Six state lawmakers on Thursday announced the formation of the Maryland Latino Legislative Caucus, vowing to bring a Hispanic perspective to the State House that will benefit the state’s fastest-growing demographic group.

Full funding for education, paid sick leave and avoiding Medicaid cuts are among the top priorities for the group, chaired by Del. Joseline A. Peña-Melnyk (D-Prince George’s/Anne Arundel). Del. Ana Sol-Gutierrez (D-Montgomery) and Sen. Victor R. Ramirez (D-Prince George’s), both veteran lawmakers, will serve as legislative committee co-chairs.

“As legislators, we represent everyone in the state of Maryland,” Peña-Melnyk said. “However, this caucus was formed to express the views of the Latino community.”

Six Latino lawmakers are serving in Annapolis, more than ever, according to the caucus. The other members are Del. David Fraser-Hidalgo (D-Montgomery) and freshmen Dels. Will Campos (D-Prince George’s) and Maricé Morales (D-Montgomery).

Other groups of lawmakers in the capital include the Legislative Black Caucus of Maryland, the Women Legislators of Maryland caucus and the Maryland Veterans Caucus.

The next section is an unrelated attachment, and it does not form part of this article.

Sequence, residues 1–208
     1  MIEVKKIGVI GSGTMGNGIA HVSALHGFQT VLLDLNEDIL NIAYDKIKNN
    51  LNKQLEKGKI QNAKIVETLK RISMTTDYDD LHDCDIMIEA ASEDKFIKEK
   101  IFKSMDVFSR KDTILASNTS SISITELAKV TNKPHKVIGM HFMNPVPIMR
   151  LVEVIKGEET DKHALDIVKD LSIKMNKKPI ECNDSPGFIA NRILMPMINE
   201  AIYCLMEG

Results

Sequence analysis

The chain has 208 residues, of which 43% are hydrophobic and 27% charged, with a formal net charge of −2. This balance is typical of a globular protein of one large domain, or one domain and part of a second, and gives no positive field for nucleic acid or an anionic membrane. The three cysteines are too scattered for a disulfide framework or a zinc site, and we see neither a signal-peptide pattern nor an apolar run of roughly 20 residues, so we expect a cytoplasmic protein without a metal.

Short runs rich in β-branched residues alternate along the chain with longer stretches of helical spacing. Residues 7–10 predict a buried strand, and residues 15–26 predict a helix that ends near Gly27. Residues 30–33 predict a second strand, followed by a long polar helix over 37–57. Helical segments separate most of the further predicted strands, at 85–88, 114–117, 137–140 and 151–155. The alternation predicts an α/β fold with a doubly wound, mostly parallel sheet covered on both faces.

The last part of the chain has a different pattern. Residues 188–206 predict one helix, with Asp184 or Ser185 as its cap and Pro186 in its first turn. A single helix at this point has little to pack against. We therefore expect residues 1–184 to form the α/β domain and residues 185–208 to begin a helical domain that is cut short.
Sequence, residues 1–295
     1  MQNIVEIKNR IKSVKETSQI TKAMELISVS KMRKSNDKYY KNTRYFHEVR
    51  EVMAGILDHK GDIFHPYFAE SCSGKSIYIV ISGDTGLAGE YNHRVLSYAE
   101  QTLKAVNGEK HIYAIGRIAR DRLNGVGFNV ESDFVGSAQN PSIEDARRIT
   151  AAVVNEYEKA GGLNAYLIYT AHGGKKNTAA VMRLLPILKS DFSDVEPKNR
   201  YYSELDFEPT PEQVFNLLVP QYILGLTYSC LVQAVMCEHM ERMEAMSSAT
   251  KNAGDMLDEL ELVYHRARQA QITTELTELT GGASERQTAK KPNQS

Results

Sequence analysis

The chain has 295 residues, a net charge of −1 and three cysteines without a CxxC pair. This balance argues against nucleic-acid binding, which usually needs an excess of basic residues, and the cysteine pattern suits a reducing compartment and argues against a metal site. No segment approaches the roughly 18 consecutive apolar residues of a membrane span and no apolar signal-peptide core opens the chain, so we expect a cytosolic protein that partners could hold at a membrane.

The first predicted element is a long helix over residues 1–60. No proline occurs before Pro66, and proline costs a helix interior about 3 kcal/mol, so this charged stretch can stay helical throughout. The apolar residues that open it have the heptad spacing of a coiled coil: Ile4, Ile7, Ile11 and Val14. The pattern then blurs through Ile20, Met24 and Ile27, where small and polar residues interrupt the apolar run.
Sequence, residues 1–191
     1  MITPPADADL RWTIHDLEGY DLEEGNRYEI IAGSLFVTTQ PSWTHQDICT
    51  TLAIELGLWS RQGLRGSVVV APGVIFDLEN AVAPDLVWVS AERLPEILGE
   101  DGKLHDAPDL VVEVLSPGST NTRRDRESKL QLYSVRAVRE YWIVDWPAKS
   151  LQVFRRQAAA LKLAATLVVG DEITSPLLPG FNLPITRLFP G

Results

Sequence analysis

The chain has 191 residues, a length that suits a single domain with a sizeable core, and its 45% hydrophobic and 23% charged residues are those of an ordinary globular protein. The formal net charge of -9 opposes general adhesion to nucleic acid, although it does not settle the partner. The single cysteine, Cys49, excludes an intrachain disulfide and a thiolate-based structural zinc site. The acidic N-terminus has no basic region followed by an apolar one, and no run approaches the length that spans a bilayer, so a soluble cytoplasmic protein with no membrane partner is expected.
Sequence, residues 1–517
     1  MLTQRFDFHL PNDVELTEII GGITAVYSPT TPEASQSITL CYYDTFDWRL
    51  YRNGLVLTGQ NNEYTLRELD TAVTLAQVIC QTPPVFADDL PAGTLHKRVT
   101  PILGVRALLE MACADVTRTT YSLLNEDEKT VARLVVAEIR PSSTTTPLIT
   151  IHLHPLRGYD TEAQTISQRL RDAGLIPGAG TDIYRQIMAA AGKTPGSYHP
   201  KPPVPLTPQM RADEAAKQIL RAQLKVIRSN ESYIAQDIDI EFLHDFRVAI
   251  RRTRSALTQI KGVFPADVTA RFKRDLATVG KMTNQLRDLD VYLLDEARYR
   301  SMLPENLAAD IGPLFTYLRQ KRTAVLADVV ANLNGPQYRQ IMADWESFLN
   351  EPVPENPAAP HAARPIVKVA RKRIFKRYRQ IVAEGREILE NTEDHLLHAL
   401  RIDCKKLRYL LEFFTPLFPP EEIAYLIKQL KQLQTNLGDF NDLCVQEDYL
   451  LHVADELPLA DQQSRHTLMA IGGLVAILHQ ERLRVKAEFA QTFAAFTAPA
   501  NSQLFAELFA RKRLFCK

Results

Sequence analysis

The caucus members’ home districts of Montgomery, Anne Arundel and Prince George’s counties are also home to the majority of the state’s approximately 500,000 Latinos, including immigrants from El Salvador, Peru and the Dominican Republic.

“For a long time, we’ve been invisible, and we continue to be too invisible in my mind,” Sol-Gutierrez said. “The caucus is going to be a voice to help change that invisibility.”

Sol-Gutierrez said the caucus must hold state agencies — from schools to corrections facilities — accountable for providing information, forms and training in Spanish as well as in English. Caucus members said they will push for education funding to benefit Latino children, whose numbers are growing.

The caucus also wants to increase Latino participation at the ballot box, in business and in local leadership, members said.

“Out of 5,751 total small businesses in the state of Maryland, only 185 of those are registered Latino-owned businesses,” Fraser-Hidalgo said. “We need to do more to encourage entre­pre­neur­ship.”